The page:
I would also say that Garofalo's comments are very vulgar and in the same league as Forrester's.

Again, I tune it out from both sides these days.

Ed Cone

Except that Garofalo is an actress and comedian, and Forrester is an elected representative of the people.


Yes, it was Ed. Unless Roch can offer some other reasonable and credible interpretation of Dean's statement.

Suppose Forrester said something like "they don't look like us". That would immediately be pounced upon as a racial reference. Why should Dean's statement about an America "where everyone looked like them" be construed any differently?

Both are appeals to racism/race baiting. It is just as nasty for Democrats to accuse their opponents of racism over policy differences as it is for Forrester to make blatant racial appeals. Every time something like that happens the goal post is moved.


" Unless Roch can offer some other reasonable and credible interpretation of Dean's statement. " -- Spag

Before we start arguing about the meaning of a statement, can we start with Ribar's question: What statement?


>>Suppose Forrester said something like "they don't look like us". That would immediately be pounced upon as a racial reference. Why should Dean's statement about an America "where everyone looked like them" be construed any differently?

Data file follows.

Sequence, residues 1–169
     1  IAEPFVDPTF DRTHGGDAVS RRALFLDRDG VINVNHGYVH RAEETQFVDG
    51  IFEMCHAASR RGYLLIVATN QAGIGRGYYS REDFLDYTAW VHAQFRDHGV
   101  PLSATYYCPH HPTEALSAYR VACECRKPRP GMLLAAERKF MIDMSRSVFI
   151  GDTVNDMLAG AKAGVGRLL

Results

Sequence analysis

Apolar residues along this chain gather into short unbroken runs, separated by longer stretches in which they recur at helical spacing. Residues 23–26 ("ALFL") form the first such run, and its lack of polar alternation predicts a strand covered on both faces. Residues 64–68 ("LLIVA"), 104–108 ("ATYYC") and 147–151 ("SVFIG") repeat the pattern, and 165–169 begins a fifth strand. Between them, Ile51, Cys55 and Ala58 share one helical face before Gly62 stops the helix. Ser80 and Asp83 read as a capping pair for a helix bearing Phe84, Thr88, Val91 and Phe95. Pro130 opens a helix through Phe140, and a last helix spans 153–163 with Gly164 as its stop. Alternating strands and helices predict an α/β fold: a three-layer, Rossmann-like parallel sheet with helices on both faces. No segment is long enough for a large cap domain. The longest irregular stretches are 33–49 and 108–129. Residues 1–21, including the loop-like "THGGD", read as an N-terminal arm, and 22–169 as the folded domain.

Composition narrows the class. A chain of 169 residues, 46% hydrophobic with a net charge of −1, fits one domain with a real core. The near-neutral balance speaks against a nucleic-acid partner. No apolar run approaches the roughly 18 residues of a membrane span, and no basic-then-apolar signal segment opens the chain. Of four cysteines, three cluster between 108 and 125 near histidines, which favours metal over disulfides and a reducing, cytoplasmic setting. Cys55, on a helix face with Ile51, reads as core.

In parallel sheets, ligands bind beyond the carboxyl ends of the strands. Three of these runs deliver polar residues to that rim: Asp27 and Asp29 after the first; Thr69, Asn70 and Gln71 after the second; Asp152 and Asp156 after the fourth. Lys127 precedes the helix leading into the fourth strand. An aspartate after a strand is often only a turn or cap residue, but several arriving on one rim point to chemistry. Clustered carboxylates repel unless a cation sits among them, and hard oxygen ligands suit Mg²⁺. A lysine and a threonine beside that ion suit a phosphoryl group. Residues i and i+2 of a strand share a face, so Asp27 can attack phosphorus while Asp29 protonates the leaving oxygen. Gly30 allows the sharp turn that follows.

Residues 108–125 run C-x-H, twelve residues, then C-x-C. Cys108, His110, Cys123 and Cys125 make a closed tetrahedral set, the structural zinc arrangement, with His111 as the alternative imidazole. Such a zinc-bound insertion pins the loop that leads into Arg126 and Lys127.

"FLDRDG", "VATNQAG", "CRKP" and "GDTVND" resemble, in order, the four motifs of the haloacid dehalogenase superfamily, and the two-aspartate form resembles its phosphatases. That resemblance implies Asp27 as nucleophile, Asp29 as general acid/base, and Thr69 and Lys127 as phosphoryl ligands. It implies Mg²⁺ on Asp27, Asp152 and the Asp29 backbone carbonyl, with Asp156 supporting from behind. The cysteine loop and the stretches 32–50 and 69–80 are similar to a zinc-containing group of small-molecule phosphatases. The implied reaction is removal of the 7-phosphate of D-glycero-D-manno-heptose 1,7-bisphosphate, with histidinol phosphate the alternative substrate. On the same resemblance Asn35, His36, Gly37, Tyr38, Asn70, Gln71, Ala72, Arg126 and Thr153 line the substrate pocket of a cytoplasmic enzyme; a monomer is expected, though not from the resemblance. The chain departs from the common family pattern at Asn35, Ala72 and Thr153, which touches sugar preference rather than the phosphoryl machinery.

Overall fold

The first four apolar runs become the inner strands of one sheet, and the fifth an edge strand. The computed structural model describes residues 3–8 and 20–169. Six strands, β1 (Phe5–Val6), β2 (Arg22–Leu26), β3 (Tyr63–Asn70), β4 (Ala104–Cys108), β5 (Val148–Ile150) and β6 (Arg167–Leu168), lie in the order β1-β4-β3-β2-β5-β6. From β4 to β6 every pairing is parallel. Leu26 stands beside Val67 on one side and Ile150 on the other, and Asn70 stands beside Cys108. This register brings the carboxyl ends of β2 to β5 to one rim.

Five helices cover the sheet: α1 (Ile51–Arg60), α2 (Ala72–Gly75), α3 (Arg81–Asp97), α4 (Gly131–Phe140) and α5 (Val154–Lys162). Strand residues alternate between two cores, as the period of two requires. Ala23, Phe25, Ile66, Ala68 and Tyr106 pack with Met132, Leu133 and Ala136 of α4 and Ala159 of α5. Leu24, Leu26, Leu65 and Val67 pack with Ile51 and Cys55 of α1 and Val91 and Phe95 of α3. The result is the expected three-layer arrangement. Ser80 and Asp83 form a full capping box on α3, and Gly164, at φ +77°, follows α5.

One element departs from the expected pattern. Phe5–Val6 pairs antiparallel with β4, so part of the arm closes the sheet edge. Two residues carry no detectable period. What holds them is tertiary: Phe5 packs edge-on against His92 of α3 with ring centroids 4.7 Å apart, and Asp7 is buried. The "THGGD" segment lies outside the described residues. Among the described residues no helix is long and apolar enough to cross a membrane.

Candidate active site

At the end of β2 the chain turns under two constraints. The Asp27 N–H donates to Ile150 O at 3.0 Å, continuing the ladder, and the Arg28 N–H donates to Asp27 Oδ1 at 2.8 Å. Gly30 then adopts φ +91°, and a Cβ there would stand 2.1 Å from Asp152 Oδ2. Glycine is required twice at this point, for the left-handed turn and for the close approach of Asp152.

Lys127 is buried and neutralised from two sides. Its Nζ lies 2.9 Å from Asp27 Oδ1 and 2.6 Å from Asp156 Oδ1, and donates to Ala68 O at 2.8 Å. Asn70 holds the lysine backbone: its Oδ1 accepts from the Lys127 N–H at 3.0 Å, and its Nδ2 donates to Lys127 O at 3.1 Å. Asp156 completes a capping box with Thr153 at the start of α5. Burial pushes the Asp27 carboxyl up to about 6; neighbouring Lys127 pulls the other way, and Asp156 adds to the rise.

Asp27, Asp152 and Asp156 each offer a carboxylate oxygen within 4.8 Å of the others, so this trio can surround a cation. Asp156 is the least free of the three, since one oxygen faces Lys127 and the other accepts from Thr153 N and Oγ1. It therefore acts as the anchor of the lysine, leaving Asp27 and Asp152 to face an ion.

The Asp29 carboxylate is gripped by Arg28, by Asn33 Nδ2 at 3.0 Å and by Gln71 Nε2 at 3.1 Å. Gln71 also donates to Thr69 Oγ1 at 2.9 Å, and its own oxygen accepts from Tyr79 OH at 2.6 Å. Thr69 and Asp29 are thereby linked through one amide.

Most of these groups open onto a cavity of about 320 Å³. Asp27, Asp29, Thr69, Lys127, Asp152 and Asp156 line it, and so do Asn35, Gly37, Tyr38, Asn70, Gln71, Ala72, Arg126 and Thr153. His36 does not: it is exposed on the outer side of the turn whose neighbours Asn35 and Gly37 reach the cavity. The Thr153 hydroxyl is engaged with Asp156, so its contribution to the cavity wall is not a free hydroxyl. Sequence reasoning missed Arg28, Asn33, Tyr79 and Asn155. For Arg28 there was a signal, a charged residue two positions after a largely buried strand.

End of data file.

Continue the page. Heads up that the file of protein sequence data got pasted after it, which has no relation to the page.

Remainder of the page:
Because attributing characteristics to members of a group based on race is racism. Asserting, rightly or wrongly, that somone is motivated by racism is not.

Dave Ribar


Sam's post said that "Howard Dean said that those involved with the 'Tea Party' movement were racists." The post also contained additional quoted material. Nowhere in the linked article was Howard Dean quoted as calling Tea Partiers "racists." Additionally, Sam's quote doesn't appear in the article.

Account Deleted

I'll have to admit that I am not following y'all's logic on this one.

I don't think there is any comparison b/t Forrester and Dean.

However, Dean did say that people in the TP movement are motivated by race. Most reasonable people would therefore conclude he was calling members of the TP movement racists.

What am I missing?


Jeff, you're not going to.